Description by the artist
Occhi chini is Sicilian for “eyes full of joy”. Looking out from my workshop I see ‘A Muntagna, that is Etna, and thanks to it I was inspired to depict our region, in which I decorated Etna as the protagonist and the prickly pear blades as a contour. And my eyes filled with beauty (occhi chini, eyes full in Italian). Rustic brick made by hand in Santa Maria di Licodia, on the slopes of Etna. Lava stone powder is mixed into the clay mixture and spread by hand in wooden forms in which an iron hook is inserted and baked at 1200 ° c.
The artwork in the Sicilian culture
Etna, the highest volcano in Europe (3300 meters above sea level), imperiously dominates the eastern part of Sicily, but it is so huge that it can be seen up to hundreds of kilometers away. Men of all ages have climbed to the top starting with the philosopher Empedocle from Agrigento (V B.C.) who, according to legend, ended his life by throwing himself into it. The toponym (Aitna) seems to derive from some word whose etymology, leads back to the meaning “I burn”. For the Arabs of Sicily (IX-XI century) it was a mountain twice as high and they called it Mons (mount) Gebel (mountain), twice a mountain; and until the recent past (but also today) the Sicilians called it Mongibello. But its Sicilian name par excellence is: “a muntagna”. It has given work to the nivalori (that they collected the snow, they preserved it in the caves of the volcano and then they sold it in the villages), to the coalmen, to the gatherers of the Ginestra (excellent for the bakers). Prickly pears are one of the great symbols of Sicily. They grow everywhere: on the sides of cliffs, in gardens, on the roofs of abandoned houses, on the sides of roads … Its fruit (ripe by the end of August) is delicious and much loved by Sicilians who also make rosoli and mostarda, a sweet typically prepared in jars, with the addition of carnations, cinnamon and almonds. Gelo is also very appreciated, a sort of gelatinous cream. Prickly pears were imported by Arabs during their domination (IX-XI century).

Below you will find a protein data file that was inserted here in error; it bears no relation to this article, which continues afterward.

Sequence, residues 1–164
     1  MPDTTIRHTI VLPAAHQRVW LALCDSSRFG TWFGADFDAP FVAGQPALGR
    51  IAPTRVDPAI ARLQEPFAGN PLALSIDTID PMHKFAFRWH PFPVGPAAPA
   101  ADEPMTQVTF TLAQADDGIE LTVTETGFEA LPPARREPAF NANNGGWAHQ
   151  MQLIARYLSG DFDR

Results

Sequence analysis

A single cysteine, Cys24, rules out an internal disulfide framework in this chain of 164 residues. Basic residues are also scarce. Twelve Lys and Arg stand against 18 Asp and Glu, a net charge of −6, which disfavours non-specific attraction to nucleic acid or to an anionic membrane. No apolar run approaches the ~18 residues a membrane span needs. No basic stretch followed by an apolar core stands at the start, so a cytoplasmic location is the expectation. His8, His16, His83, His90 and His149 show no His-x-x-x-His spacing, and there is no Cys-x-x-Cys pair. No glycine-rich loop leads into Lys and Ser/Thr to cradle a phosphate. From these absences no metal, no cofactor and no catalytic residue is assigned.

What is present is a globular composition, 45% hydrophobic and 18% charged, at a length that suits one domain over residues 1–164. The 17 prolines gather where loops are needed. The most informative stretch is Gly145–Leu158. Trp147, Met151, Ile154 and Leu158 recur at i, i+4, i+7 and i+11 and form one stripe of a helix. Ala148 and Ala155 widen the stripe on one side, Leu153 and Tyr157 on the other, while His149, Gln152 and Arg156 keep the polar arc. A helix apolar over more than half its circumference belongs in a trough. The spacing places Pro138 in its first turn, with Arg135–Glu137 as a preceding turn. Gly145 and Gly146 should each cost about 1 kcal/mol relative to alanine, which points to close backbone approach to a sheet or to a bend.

(photo) Etna volcano and Taormina Greek theatre, engraving 1779